Interview: John GerrardPosted: August 5, 2010
Canary Wharf underground station offers the best and the worst opportunity an artist could hope for.
“There are 45 million people who will travel through that station per annum, which is extraordinary. There’s no gallery in the world which could even boast a fraction of that kind of potential audience,” says John Gerrard.
“But of course, it’s not a receptive audience. It’s a hurrying, blind audience in a way.”
Gerrard is responsible for a vast projection on the far wall of atrium, which requires nothing if not patience. The computer generated simulation unfolds in real time, day by day, with a narrative scheduled to last for 30 years.
Oil Stick Work (Angelo Martinez/Richfield, Kansas) is set in a Kansas landscape dominated by a grain silo. Dawn breaks about noon British Summer Time and the scene fades to darkness at around 2am.
Between those times, a lone figure sets to work painting the building black. He paints one square metre each day with an artist’s crayon. By the time he completes his task, in 2038, US oil supplies are projected to run dry.
Art on the Underground will be showing the astonishing time based work for 12 months, and Gerrard hopes that in that time a “fraction” of the audience will notice the work’s progression.
The tempo of his art is a far cry from the pace of nearby life. The Jubilee Line station serves some of the world’s busiest banks. “I think the banking context is a very good foil for the work, for the slow build of the work,” says the Irish artist.
He also expresses amazement at the latest forms of (high frequency and algorithmic) trading. “It’s almost become quite anarchic what’s happening in those environments,” he says.
“You’ve got people basically spending billions to gain in microseconds on somebody else in terms of speculation.”
The central theme in Oil Stick Work, intensive farming, is clearly not unrelated. In the 1930s, oil-powered agriculture caused catastrophe when the prairies succumbed to the worst dust storms ever seen in America.
Today the same landscapes are dominated by ominous and anonymous buildings such as the grain silo above or the grow finish units used to farm and slaughter pigs. People are few and far between, but with one notable exception.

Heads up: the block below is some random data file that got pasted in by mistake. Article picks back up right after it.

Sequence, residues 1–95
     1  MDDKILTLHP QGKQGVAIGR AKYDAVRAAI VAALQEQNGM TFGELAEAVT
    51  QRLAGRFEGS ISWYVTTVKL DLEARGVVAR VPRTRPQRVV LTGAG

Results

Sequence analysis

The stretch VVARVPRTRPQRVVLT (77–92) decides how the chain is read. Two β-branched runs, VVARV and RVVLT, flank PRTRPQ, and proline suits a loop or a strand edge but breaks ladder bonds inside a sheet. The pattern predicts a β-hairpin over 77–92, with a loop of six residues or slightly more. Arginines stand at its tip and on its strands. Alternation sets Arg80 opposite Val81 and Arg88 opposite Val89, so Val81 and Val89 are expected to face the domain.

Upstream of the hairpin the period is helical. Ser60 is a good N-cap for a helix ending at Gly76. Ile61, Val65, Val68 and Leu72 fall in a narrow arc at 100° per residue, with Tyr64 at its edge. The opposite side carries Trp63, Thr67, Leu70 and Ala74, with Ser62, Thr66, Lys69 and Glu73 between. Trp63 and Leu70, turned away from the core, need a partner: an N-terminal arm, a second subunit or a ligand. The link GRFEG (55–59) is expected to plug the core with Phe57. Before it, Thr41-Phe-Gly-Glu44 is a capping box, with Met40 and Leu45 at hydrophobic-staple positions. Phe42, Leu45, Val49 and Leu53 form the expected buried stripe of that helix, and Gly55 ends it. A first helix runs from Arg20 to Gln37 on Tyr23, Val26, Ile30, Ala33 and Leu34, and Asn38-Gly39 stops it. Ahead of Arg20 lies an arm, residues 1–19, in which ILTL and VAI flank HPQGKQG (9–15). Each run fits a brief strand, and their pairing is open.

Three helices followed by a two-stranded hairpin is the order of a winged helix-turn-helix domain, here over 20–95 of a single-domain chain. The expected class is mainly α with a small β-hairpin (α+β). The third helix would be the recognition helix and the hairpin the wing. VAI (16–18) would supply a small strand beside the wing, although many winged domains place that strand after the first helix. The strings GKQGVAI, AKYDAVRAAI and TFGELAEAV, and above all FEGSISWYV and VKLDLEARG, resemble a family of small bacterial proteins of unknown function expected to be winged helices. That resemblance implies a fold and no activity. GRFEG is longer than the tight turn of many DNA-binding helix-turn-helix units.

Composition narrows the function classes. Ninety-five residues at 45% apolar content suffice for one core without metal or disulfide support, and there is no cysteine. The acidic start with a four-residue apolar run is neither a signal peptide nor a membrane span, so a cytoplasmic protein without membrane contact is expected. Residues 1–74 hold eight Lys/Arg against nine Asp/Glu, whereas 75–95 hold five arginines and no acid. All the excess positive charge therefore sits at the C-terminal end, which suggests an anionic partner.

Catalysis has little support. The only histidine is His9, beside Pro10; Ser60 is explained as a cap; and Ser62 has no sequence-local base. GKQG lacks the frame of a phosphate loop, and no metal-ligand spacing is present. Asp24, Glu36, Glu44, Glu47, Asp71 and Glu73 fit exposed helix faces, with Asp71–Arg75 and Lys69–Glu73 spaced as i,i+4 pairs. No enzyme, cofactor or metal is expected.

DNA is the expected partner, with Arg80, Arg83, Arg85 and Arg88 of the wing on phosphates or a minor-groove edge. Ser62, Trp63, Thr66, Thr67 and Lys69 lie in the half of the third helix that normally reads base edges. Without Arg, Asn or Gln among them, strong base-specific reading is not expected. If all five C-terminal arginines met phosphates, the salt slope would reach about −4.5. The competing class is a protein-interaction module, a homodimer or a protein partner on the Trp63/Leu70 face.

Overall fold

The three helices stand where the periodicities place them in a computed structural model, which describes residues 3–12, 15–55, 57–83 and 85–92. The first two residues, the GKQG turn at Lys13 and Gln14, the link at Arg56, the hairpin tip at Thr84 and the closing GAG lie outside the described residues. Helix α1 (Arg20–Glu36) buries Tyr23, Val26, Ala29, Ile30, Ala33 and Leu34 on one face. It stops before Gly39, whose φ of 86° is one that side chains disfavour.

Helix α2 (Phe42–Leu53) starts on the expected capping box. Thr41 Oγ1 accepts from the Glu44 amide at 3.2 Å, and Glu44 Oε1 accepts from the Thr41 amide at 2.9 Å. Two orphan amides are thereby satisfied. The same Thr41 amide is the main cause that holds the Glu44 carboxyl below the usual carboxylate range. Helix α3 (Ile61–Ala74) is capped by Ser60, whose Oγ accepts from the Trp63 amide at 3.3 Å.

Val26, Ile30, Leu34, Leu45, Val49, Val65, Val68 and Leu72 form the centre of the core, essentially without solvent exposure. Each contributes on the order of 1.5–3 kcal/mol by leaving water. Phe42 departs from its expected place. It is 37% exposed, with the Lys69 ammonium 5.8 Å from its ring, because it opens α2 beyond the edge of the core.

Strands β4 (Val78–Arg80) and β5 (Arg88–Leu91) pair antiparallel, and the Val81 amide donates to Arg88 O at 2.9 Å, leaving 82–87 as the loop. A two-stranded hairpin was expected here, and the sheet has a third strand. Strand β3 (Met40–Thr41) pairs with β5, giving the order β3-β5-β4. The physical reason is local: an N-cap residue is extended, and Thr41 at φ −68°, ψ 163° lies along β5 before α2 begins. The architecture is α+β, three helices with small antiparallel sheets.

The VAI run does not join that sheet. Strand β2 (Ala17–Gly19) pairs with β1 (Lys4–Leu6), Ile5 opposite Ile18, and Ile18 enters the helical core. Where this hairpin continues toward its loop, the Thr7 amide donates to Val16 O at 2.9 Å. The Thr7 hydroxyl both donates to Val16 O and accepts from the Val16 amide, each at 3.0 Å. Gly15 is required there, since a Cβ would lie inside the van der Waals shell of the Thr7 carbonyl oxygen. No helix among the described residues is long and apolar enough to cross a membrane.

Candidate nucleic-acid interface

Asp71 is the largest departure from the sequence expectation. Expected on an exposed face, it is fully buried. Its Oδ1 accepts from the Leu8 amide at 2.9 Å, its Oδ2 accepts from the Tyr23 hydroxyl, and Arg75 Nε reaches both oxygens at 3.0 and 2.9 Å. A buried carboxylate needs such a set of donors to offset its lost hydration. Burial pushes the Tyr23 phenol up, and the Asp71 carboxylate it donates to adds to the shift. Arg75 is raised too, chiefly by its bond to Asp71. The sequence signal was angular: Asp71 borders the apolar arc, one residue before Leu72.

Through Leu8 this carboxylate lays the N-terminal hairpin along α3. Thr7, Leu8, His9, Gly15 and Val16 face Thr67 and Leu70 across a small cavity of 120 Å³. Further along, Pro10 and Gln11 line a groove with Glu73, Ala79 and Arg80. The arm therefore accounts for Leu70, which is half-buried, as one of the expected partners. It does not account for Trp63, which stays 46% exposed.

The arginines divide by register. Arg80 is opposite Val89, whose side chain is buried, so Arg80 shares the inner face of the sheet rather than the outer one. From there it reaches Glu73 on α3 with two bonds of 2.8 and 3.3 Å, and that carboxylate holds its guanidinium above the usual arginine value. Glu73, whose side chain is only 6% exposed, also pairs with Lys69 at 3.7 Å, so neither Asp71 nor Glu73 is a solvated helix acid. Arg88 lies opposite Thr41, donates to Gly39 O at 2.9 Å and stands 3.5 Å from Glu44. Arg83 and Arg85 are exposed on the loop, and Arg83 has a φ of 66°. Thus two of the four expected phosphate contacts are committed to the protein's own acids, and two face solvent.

Angelo Martinez is the name of a New York builder who auditioned as a stand-in for a worker who told Gerrard to stop taking photos of one of the installations in Kansas. Now with virtually remodelled features, the artist says it “really is a portrait of him.”
The unreal localities which inspired Oil Stick Work are well suited to 3D simulations. “I’m slightly on my own with the medium which is curious,” notes the artist.
“There is an established arena of game art which is in existence, but this particular kind of static approach, which I think has a lot of potential, I don’t think there’s anybody working like this at the moment.”
That medium, according to Gerrard, “was effectively born in a military context,” and for his next work his is taking the form back to its roots.
“The new work I’m doing at the moment is actually remaking a historical scene which is from the Iran-Iraq war, the first Iraq war from the 1980s, and in it there is a soldier figure…who is enacting a kind of impossible performance.”
This will be the first time the artist has used military training technology to recreate a military training exercise. “I’ll see how that goes. I mean, it’s a bit of a risk,” he says.
But despite the outward calm of a piece like Oil Stick Work, organised aggression is already very much a theme.
“Those grow finish units on the American landscape are in and of themselves a type of horror story of gargantuan proportions,” he suggests. “I don’t think there are many games that would reach that level of…what is it? You know, the implicit violence in those scenes.”
From Kansas to Canary Wharf, what you cannot see is what can shock the most.
Written for Culture24.